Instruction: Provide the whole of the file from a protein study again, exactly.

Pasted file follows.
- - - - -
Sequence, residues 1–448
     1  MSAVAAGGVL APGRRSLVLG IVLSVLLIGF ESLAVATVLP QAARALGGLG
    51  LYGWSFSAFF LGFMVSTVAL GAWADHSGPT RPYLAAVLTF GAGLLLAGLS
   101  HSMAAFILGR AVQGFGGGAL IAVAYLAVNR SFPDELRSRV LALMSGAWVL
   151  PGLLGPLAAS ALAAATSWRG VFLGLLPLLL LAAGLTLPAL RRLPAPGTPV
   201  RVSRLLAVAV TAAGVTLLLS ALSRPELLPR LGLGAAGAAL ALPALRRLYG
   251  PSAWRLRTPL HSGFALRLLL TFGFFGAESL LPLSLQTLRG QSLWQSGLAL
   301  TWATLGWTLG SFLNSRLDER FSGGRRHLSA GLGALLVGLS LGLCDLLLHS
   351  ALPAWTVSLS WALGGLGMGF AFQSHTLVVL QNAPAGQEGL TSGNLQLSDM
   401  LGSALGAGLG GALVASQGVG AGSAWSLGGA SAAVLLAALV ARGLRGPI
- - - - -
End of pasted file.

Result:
Sequence, residues 1–448
     1  MSAVAAGGVL APGRRSLVLG IVLSVLLIGF ESLAVATVLP QAARALGGLG
    51  LYGWSFSAFF LGFMVSTVAL GAWADHSGPT RPYLAAVLTF GAGLLLAGLS
   101  HSMAAFILGR AVQGFGGGAL IAVAYLAVNR SFPDELRSRV LALMSGAWVL
   151  PGLLGPLAAS ALAAATSWRG VFLGLLPLLL LAAGLTLPAL RRLPAPGTPV
   201  RVSRLLAVAV TAAGVTLLLS ALSRPELLPR LGLGAAGAAL ALPALRRLYG
   251  PSAWRLRTPL HSGFALRLLL TFGFFGAESL LPLSLQTLRG QSLWQSGLAL
   301  TWATLGWTLG SFLNSRLDER FSGGRRHLSA GLGALLVGLS LGLCDLLLHS
   351  ALPAWTVSLS WALGGLGMGF AFQSHTLVVL QNAPAGQEGL TSGNLQLSDM
   401  LGSALGAGLG GALVASQGVG AGSAWSLGGA SAAVLLAALV ARGLRGPI